Thursday, June 16 at 8 p.m.
For The Outlaws, it was always about the music. For 40 years, the Southern Rock legends celebrated triumphs, endured tragedies and survived legal nightmares to remain one of the most influential and best-loved bands of the genre. Now The Outlaws return with new music, new focus and an uncompromising new mission: It’s about a band of brothers bound together by history, harmony and the road. It’s about a group that respects its own legacy while refusing to be defined by its past. But most of all, it’s about pride.
It’s About Pride is the new album from The Outlaws, a record four years in the making and perhaps 20 or more in the waiting. And for original Outlaws singer/songwriter/guitarist Henry Paul, it’s a hard-fought revival whose success can be measured in old fans and new music.
Formed in Tampa in 1972, The Outlaws are known for their triple-guitar rock attack and three-part country harmonies. The band’s first three albums The Outlaws, Lady In Waiting and Hurry Sundown—featuring such rock radio favorites as “There Goes Another Love Song,” “Green Grass & High Tides” and “Knoxville Girl”—would become worldwide gold and platinum landmarks of the Southern Rock era. The Outlaws earned a formidable reputation as an incendiary live act touring with friends The Allman Brothers, Lynyrd Skynyrd, The Marshall Tucker Band and The Charlie Daniels Band as well as many others.
The Outlaws’ live shows—more than 150 per year—are blazing 2+ hour tributes to the band’s rich history and fiery rebirth. Classic tracks and fan favorites from the first three albums share the spotlight with songs from the new disc that are already being embraced by audiences.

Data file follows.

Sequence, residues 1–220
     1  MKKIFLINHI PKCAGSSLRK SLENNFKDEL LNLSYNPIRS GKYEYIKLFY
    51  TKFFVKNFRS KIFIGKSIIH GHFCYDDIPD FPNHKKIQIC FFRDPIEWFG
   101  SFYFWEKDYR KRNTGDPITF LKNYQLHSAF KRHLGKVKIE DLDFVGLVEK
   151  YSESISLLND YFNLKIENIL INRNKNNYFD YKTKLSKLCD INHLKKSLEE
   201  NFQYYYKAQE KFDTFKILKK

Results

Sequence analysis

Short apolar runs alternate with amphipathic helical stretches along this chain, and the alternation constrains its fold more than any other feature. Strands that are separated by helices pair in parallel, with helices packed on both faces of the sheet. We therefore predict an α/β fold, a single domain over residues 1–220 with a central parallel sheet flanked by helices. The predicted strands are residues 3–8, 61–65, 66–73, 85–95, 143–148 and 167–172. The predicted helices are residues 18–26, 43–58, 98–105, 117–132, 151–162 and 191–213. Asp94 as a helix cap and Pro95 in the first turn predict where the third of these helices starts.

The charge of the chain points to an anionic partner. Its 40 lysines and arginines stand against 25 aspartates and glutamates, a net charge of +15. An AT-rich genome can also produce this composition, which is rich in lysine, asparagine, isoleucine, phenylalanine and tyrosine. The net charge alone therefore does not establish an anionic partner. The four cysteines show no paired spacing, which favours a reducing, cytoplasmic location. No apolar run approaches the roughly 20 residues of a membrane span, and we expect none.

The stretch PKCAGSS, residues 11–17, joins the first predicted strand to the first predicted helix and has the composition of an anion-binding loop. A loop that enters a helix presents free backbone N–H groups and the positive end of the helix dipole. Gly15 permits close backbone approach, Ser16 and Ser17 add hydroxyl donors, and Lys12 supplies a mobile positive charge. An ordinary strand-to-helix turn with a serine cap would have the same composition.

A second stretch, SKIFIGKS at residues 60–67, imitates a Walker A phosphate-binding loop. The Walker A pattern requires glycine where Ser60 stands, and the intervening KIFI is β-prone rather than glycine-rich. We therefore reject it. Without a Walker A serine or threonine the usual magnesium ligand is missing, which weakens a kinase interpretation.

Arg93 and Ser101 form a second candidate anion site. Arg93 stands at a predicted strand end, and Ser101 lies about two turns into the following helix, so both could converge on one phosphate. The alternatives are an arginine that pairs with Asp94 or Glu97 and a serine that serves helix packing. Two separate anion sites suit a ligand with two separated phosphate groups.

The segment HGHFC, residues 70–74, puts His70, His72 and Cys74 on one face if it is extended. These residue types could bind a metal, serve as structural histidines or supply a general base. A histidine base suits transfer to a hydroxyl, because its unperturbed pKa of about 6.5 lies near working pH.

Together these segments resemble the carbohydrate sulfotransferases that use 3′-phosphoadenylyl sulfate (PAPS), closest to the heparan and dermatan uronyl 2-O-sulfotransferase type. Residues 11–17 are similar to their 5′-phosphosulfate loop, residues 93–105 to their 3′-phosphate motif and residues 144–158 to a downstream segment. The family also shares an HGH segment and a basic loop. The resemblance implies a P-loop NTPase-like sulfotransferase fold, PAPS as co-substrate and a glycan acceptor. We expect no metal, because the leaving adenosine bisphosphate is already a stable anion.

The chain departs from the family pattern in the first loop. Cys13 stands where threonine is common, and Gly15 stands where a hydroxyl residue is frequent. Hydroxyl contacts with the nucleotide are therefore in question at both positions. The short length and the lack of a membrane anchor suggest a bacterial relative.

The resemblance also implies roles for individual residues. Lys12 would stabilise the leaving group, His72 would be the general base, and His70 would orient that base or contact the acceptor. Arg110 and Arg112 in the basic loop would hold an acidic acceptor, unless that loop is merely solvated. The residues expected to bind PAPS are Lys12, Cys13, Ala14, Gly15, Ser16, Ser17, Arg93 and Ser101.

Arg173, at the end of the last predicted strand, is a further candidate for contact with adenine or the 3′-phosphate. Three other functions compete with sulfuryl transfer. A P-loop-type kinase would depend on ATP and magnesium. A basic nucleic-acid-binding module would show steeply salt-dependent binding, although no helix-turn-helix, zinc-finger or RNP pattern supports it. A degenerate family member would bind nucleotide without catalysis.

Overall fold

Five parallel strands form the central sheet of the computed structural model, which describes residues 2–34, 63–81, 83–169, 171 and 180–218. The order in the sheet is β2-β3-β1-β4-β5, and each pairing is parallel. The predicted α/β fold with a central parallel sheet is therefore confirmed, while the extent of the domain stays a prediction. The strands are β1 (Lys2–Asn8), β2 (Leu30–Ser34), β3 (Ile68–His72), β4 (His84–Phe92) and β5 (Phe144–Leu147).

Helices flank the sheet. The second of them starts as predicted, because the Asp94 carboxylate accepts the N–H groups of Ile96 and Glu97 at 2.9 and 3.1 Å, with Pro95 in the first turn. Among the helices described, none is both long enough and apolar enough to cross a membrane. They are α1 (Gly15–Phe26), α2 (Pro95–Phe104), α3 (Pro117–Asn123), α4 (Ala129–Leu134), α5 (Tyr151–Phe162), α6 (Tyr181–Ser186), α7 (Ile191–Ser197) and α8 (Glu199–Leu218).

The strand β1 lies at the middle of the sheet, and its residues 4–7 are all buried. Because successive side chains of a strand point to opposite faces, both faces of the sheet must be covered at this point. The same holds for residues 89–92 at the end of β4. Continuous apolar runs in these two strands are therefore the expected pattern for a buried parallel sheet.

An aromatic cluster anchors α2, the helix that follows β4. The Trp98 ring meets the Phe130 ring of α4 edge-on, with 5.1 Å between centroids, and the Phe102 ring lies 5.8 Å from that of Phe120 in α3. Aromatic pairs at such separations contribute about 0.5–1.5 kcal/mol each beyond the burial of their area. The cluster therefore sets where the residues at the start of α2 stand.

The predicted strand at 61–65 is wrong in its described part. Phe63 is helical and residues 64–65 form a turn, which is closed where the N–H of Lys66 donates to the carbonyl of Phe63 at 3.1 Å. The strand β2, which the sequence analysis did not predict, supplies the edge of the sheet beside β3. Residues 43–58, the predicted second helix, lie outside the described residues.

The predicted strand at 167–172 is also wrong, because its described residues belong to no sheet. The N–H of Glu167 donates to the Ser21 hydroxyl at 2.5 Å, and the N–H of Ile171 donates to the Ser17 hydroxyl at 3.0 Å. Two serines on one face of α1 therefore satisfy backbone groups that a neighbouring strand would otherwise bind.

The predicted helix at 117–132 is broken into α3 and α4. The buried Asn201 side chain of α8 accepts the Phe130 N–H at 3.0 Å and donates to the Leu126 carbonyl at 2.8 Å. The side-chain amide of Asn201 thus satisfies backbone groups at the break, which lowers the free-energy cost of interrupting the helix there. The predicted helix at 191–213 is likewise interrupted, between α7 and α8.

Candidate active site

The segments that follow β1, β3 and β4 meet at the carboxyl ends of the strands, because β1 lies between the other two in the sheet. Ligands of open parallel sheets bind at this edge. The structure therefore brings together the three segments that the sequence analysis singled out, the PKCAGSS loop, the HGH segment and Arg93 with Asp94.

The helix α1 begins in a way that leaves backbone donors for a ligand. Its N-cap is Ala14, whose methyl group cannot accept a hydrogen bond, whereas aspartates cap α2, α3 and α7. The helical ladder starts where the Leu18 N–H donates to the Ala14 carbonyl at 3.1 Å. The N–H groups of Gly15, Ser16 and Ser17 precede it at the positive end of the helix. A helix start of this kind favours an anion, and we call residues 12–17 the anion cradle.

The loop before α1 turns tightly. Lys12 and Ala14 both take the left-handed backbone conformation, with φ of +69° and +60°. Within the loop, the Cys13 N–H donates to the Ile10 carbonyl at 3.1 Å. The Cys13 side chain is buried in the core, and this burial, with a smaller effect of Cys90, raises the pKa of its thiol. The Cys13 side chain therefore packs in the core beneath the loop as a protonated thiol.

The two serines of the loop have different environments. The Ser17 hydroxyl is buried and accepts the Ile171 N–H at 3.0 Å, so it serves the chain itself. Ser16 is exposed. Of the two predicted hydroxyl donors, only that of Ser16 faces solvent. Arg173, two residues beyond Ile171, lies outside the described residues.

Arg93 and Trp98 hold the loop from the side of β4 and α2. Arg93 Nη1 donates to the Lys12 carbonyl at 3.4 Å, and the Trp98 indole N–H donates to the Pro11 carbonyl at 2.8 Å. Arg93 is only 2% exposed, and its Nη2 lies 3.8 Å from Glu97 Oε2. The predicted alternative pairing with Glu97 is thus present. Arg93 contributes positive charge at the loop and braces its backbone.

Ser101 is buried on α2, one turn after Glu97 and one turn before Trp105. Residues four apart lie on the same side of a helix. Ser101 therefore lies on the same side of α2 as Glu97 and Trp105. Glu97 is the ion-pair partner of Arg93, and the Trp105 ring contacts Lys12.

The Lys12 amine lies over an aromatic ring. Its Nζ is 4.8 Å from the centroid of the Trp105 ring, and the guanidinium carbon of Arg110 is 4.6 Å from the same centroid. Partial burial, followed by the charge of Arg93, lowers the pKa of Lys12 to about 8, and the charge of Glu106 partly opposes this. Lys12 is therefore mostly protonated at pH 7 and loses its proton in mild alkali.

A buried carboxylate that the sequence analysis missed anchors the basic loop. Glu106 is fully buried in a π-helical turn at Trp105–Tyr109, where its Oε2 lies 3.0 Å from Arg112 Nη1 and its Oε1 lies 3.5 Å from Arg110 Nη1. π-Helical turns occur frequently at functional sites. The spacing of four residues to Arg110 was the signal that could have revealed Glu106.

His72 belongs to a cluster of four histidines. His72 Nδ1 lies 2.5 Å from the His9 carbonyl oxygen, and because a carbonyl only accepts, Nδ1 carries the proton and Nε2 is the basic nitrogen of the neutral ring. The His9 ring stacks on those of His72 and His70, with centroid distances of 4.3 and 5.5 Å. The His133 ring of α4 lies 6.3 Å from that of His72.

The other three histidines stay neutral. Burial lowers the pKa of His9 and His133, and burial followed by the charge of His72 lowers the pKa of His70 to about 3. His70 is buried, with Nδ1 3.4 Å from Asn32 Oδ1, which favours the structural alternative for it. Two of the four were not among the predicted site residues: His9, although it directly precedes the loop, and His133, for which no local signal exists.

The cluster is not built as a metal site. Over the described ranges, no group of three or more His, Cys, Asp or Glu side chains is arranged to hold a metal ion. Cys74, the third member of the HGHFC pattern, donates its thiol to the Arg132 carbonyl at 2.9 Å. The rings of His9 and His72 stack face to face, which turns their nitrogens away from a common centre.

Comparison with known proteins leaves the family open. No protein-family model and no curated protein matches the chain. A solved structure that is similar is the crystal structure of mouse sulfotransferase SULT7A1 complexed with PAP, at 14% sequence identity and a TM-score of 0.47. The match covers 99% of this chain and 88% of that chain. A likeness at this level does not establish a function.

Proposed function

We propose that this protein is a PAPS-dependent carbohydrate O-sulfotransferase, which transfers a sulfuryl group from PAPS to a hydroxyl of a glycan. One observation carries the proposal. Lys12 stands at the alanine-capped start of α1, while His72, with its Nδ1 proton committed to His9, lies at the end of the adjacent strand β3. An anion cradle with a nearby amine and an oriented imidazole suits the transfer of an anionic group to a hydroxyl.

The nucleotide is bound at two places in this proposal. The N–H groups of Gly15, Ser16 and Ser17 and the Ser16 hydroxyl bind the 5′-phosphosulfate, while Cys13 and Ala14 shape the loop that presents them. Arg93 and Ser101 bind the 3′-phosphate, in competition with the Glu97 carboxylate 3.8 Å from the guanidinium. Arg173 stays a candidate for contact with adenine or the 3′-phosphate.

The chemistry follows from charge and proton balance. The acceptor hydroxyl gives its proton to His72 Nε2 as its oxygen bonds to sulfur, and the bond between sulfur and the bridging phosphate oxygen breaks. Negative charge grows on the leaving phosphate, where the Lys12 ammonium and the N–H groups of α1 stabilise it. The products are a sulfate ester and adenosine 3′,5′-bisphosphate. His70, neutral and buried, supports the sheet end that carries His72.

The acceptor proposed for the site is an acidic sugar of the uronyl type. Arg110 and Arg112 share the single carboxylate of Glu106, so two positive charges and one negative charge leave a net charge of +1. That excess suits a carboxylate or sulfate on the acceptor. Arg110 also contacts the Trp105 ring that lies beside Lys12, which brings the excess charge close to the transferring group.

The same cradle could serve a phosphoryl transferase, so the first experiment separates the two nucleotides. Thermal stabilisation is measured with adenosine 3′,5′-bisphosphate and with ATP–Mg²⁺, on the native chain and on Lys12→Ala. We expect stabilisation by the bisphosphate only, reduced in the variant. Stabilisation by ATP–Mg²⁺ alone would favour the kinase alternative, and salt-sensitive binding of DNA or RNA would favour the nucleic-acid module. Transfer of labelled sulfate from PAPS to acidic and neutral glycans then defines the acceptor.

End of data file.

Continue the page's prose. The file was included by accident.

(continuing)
But it’s the new album that brings the experience home. The disc opens with “Tomorrow’s Another Night,” a scorching take on the band’s history complete with monster harmonies and a killer hook. “Hidin’ Out In Tennessee” delivers classic Outlaws country/bluegrass energy. The disc’s closer, “So Long,” is a haunting re-recording of Henry’s 1979 classic. But the new album’s true centerpiece is its title track, co-written by Henry Paul and Billy Crain. “It’s About Pride” is both tribute and testimony from a band that has lived it all, played it all and returns to reclaim it all. For The Outlaws, it’s still about the music. And now more than ever, it’s about pride.
All guests must be at least 21 years old to enter Theater or to watch shows at Bar 360. All tickets are sold with a no return or exchange policy. All schedules/times are subject to change at any time without notice.